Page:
CRCulver (715279) | more than 4 years ago | (#32724538)

Plato isn't the only person who wrote of Socrates' life. Xenophon was also a student of Socrates and depicted him in his works. While it is indeed true that often Socrates in Plato is a mere mouthpiece for Plato's ideas, Xenophon's testimony serves to show that Plato didn't completely depart from the historical man.

Re:Socrates, not Aristotle (1)

catmistake (814204) | more than 4 years ago | (#32724602)

Not entirely and always, no... yet in some of his dialogues, it is clear that historical Socrates never participated... and all words must be Plato. It comes down to the experts being able to decipher what is style and what is a poetical representation of history.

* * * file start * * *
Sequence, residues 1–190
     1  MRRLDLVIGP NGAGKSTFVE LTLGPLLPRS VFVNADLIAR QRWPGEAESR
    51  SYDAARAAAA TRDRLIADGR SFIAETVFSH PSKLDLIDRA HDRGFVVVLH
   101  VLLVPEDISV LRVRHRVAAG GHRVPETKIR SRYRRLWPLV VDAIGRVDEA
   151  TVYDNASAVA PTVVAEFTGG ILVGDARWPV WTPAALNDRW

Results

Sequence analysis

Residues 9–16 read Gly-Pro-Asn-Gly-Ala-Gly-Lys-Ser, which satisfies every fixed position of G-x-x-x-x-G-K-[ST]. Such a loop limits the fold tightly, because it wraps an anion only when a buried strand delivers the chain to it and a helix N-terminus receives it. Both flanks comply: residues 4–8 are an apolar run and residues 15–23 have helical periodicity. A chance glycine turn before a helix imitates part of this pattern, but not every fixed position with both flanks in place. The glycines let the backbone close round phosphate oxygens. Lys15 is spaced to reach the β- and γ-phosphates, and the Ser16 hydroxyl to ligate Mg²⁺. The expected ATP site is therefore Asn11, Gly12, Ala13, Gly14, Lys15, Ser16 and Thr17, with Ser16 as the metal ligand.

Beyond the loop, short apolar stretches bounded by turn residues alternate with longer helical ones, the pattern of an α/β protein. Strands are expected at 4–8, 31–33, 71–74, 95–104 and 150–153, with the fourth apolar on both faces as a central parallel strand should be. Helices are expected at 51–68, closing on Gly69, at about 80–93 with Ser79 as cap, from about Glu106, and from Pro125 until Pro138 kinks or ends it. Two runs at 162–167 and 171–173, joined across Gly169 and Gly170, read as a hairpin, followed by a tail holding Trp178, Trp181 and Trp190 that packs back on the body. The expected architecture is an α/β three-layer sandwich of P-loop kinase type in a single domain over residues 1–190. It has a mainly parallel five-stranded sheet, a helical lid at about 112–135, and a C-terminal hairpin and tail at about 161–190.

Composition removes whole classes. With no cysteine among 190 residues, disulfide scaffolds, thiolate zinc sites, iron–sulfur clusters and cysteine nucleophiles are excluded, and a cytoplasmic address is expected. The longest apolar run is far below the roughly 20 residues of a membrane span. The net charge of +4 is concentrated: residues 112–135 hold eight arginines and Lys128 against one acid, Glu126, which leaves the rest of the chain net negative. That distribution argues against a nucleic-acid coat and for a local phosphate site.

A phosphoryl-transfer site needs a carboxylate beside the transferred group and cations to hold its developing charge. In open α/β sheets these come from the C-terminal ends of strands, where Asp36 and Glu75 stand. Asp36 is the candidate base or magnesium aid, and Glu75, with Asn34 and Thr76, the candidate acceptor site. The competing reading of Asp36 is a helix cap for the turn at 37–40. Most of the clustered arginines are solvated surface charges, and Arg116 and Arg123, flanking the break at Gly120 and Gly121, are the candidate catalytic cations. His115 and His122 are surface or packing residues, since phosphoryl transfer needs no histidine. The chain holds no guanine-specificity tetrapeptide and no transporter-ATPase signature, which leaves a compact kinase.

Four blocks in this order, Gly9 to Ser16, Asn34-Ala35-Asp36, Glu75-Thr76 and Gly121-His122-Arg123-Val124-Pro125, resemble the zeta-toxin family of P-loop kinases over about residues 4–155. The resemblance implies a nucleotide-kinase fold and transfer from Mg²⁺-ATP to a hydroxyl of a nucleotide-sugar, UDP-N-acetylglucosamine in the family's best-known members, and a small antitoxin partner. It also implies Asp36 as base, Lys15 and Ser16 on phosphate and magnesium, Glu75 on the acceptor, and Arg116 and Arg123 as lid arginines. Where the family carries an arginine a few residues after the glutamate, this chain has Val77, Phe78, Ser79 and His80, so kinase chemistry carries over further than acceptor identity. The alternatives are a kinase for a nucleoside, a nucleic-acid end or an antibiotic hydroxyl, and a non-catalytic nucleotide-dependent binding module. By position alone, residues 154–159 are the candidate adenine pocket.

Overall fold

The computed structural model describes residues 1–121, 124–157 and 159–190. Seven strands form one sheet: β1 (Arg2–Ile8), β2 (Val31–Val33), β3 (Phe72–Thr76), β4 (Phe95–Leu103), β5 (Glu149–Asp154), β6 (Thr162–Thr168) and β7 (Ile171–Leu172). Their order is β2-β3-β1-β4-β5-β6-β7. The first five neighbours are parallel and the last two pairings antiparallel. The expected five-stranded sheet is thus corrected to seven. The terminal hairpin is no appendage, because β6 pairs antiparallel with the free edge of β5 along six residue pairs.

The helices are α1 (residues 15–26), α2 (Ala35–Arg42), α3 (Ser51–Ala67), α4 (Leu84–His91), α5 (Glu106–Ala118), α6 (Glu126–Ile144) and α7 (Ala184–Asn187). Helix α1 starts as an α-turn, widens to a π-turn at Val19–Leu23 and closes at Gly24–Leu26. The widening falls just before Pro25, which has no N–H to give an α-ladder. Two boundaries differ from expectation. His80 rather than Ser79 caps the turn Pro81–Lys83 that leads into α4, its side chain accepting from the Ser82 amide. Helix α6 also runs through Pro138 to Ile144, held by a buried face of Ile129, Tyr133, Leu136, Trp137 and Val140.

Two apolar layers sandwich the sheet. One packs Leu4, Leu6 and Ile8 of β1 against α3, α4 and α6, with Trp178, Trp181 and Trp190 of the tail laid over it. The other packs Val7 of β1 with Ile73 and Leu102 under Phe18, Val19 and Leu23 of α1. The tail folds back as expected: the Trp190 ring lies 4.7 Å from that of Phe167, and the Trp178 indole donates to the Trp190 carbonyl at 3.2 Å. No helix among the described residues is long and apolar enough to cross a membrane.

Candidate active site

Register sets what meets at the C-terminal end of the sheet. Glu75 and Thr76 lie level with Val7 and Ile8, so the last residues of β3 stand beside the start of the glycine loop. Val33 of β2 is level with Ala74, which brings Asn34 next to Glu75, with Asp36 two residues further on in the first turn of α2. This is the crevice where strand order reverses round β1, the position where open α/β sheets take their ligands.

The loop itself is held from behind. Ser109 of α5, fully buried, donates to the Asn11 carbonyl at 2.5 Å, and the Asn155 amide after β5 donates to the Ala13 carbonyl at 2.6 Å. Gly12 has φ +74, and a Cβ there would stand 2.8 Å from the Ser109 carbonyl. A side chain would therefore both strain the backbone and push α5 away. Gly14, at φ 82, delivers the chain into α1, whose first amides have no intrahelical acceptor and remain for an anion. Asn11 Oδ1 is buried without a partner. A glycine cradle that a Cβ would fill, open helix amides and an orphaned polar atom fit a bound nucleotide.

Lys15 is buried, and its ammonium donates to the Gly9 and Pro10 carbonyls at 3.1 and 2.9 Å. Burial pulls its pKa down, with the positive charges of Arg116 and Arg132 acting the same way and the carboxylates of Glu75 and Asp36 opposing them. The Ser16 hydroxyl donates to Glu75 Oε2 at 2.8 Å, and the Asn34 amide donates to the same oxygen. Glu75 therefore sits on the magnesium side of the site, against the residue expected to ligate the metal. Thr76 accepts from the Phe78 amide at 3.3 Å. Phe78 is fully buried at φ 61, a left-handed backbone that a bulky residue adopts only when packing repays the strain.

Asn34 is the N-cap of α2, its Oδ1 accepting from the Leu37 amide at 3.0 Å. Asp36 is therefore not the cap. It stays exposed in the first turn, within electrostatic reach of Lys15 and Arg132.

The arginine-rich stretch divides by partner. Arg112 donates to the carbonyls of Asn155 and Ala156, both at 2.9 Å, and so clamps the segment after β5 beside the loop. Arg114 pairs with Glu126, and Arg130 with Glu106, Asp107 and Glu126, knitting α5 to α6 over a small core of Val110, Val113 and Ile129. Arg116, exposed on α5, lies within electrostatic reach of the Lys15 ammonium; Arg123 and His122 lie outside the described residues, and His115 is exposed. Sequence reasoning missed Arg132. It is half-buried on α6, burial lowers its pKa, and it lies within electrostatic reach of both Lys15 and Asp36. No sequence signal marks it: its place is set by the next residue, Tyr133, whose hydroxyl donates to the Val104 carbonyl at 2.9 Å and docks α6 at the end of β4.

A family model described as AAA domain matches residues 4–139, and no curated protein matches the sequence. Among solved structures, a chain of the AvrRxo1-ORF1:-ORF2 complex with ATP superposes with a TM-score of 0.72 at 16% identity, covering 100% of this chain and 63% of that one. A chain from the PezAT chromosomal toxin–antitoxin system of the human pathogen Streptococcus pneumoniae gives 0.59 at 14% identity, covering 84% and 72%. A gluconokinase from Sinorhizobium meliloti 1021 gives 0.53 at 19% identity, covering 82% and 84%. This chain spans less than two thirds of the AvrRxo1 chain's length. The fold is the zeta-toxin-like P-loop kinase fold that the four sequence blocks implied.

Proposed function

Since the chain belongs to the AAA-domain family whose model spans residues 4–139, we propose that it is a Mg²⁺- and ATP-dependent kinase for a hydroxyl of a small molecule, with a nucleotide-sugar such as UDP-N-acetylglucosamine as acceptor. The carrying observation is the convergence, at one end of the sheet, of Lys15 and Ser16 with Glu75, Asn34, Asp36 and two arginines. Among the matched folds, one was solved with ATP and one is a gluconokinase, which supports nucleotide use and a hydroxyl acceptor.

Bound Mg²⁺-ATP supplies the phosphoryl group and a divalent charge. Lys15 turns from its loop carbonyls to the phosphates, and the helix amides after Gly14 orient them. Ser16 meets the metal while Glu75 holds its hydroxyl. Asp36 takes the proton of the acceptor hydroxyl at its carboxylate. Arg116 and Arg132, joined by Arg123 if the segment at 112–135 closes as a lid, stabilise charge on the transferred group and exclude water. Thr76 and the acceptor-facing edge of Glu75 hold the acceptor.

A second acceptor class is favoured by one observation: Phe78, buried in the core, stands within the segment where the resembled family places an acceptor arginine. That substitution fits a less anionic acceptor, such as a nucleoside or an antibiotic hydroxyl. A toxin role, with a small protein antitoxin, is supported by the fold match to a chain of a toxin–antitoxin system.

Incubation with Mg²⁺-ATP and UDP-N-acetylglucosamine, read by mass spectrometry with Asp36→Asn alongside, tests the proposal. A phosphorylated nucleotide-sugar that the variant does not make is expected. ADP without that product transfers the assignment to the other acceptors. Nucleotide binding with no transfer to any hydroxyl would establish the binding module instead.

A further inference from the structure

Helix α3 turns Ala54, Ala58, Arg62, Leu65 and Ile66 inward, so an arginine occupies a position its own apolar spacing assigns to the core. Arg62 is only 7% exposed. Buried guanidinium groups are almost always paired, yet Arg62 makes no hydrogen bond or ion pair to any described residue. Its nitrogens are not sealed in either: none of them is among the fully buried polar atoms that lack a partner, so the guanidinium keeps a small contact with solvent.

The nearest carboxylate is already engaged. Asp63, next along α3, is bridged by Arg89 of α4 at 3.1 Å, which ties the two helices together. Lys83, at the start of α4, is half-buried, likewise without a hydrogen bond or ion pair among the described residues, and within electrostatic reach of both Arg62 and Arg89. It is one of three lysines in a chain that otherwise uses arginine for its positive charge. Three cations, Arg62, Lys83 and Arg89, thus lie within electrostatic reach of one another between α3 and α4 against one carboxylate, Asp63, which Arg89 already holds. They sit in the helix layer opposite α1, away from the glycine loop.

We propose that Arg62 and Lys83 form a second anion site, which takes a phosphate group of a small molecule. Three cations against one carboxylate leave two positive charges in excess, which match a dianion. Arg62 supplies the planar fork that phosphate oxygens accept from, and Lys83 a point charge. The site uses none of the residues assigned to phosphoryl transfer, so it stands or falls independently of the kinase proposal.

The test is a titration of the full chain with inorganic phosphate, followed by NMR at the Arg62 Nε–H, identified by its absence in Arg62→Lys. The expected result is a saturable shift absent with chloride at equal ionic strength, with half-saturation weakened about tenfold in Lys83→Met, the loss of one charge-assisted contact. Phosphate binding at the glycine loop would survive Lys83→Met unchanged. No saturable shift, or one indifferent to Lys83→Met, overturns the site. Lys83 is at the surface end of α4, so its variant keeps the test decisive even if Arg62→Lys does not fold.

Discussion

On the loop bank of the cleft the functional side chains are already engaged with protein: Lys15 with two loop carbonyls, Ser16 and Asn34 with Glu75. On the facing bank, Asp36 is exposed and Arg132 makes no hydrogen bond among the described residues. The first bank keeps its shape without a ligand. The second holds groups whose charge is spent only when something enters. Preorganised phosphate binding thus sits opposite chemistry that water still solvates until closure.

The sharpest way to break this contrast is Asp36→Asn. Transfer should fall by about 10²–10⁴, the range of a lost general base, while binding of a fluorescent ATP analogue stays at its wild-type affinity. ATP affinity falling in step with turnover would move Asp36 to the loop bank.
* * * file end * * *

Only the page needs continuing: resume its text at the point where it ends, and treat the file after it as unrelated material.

Re:Socrates, not Aristotle (3, Insightful)

causality (777677) | more than 4 years ago | (#32724620)

Nietzche calls Plato decadent, and attributes to him everything we think Socrates said. For him, Plato was to blame for the Dark Ages, and the lack of intellectual advancement for a thousand years. A bit extreme... but a valid opinion.

It's extreme and also obtuse, and I'm reluctant to say that about someone like Nietzche. One man cannot possibly retard intellectual advancement for a thousand years except that legions of other men play follow-the-leader and imitate him like little robots instead of finding their own way. So let's say for argument's sake that Plato's contributions were entirely negative and unworthy (something I do not believe); Plato could only harm himself with that if people had any real self-hood. If they do not, this is not Plato's doing.

Re:Socrates, not Aristotle (1)

turbidostato (878842) | more than 4 years ago | (#32724984)

"And Sappho the Lesbian (prostitute?)"

From Lesbos Island moreso.

Re:Socrates, not Aristotle (1)

MrHanky (141717) | more than 4 years ago | (#32724562)